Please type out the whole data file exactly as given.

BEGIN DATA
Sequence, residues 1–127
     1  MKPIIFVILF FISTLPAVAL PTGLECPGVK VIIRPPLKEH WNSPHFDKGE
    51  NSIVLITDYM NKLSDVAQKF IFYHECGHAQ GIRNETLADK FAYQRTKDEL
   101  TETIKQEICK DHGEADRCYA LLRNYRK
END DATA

Sequence, residues 1–127
     1  MKPIIFVILF FISTLPAVAL PTGLECPGVK VIIRPPLKEH WNSPHFDKGE
    51  NSIVLITDYM NKLSDVAQKF IFYHECGHAQ GIRNETLADK FAYQRTKDEL
   101  TETIKQEICK DHGEADRCYA LLRNYRK